Love, Always

Why is it easy to be nice to other people … but so hard to be nice to ourselves?

“When you know better, you do better” — Maya Angelou.

Have you ever noticed that it’s pretty easy to be nice to other people — to smile, to offer a few words of appreciation, to extend a helping hand, to say “you look beautiful” or “you’re doing an amazing job!” — but much harder to be kind to yourself?

Many of us say things to ourselves — mean things, nasty things — that we would never say to anyone else.

Many of us treat ourselves in uncaring ways — unhelpful ways, disrespectful ways — ways that we would never treat anyone else.

It’s unfortunate — but very common.

As a clinical psychologist & professional life coach over the past 29+ years combined, I’ve spent thousands of hours working with people who have held themselves to a different set of standards than they assign to other people.

They’ve often thought & said things like:

“I go out of my way to please other people … but I never think about pleasing myself.”

“I’m able to forgive others (sometimes) … but I have a tough time forgiving myself.”

“I can excuse another person’s mistake … but when I make one, I beat myself up.”

“I can admire someone else’s beauty + appearance … but I pick apart how I look.”

If you’re nodding, recognizing yourself in those words, you might be wondering:

Is there some scientific reason why are we are often our own harshest critic?

Is it just human nature?

Or simply a mystery?

In my opinion, the answer comes down to one thing:

Fear.

Fear of being judged. Fear of being shamed. Fear of not being loved.

All for “messing up” in some unforgivable way.

And that fear? It’s NOT something we’re born with.

It’s something we learn.

We are born with a predisposition for a certain type of personality — but essentially, when we’re born, our mind is like a “blank slate.” Ready to be shaped by our early childhood experiences, and later, by our own choices.

As a child, we might have experienced the pain of being judged, shamed or un-loved, because of something we did … or didn’t do.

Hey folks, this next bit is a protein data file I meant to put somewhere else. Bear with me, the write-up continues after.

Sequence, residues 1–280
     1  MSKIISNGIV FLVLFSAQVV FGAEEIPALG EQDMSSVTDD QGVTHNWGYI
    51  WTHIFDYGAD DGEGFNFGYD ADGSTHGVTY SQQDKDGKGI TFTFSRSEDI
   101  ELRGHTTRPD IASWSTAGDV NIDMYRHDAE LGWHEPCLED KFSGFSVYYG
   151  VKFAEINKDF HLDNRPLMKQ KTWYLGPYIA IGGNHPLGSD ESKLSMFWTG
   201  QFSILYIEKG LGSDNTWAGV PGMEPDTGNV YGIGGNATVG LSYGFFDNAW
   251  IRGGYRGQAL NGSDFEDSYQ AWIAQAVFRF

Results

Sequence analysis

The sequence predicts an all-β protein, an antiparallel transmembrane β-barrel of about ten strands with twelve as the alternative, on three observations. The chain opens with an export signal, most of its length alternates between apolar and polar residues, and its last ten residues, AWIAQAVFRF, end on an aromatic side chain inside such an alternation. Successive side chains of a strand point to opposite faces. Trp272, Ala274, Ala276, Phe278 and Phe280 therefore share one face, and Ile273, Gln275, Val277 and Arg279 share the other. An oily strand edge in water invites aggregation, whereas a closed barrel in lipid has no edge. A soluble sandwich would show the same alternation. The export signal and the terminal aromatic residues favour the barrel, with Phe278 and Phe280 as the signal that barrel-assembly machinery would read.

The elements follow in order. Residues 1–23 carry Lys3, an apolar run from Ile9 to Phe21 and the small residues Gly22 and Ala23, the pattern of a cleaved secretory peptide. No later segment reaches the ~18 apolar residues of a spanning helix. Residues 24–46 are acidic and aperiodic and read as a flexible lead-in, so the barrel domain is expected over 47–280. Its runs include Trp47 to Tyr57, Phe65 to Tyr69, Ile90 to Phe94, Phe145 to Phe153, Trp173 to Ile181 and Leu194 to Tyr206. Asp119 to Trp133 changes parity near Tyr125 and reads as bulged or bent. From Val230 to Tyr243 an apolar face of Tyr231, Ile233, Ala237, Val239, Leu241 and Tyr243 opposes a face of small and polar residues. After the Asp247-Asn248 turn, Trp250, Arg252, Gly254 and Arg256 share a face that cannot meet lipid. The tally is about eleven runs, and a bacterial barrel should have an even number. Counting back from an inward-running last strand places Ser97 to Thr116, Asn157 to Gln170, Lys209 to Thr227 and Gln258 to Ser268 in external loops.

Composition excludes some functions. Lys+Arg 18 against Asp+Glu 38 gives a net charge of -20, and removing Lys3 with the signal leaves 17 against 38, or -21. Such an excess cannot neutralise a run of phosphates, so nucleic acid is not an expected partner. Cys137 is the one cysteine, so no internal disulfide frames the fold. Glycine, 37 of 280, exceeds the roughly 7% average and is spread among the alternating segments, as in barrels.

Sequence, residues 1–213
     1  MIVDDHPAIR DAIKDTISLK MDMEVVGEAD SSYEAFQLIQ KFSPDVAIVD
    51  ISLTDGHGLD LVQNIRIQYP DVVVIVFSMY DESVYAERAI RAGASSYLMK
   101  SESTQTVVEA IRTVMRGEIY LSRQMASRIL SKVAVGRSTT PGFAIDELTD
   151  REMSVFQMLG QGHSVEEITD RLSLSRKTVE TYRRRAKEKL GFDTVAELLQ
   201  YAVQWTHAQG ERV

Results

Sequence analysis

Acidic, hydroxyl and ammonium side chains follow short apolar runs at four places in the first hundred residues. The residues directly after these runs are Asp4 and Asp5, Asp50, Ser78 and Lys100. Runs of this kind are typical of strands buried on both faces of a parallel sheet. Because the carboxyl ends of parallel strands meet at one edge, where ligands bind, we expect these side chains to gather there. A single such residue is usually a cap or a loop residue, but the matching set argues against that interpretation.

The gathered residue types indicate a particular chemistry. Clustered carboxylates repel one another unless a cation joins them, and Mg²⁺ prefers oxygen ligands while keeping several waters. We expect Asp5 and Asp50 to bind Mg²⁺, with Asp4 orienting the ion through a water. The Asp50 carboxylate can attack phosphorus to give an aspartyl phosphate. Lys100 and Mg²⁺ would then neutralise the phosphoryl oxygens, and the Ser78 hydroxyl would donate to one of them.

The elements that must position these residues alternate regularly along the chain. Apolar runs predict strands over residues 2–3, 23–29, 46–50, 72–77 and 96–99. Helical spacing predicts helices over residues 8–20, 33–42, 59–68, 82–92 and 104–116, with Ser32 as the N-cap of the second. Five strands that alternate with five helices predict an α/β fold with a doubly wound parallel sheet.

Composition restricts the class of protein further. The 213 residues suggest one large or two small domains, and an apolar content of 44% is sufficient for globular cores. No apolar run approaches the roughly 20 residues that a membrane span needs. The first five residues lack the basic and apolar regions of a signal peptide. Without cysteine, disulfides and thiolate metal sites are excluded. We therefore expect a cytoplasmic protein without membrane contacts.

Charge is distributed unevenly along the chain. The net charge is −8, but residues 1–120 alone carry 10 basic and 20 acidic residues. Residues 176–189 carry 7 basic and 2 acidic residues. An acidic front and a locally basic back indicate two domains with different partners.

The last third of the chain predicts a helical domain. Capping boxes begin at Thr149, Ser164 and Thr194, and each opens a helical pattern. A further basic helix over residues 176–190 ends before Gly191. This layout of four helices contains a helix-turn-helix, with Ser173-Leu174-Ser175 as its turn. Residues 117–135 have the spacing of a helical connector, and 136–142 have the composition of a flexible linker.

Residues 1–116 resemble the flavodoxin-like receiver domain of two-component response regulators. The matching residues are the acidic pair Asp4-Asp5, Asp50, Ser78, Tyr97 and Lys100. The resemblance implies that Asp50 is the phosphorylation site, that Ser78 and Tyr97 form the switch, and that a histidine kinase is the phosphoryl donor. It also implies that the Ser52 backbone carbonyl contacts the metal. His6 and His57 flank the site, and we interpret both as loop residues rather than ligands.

The experience might have been subtle — like not getting a parent’s undivided attention + approval, because of a less-than-stellar report card.

Or, it might have been more blatant — like being spanked or made fun of in front of our siblings, because of that same report card.

Either way, we learned — through experience — that “not being perfect” could have painful consequences. In our childlike mind, that became “the rule.”

So over time, we developed clever “techniques” to protect ourselves from those consequences.

One of the biggest protective techniques?

Holding ourselves to unrealistically higher standards.

But as you’ve probably realized, setting the bar so unbelievably high comes with its own set of consequences. Like never feeling “good enough.” And always worrying that we’re going to “slip up.”

But whatever we’ve learned can be unlearned + relearned a better way.

As the late Maya Angelou (Oprah’s favorite poet + personal mentor), said: “When you know better, you do better.”

Scripts & rules that we adopted while growing up can be replaced with a kinder approach.

Instead of:

“Gotta clean the house because the neighbors are coming over.”

Try:

“What people think of me [or my house] is none of my business. If I clean my house, it’s because I want to do that for myself.”


Instead of:

“Why can’t you get it right, stupid! What’s wrong with you!?”


Try:

“It’s alright to make mistakes. That doesn’t mean I’m stupid. I am learning + growing.”

Ultimately, the most healing thing you can do is set realistic standards for yourself.

Attainable standards.

Fair standards.

Standards with room for mistakes.

Because everyone is human — and deserving of unconditional love.

And yes, that includes you.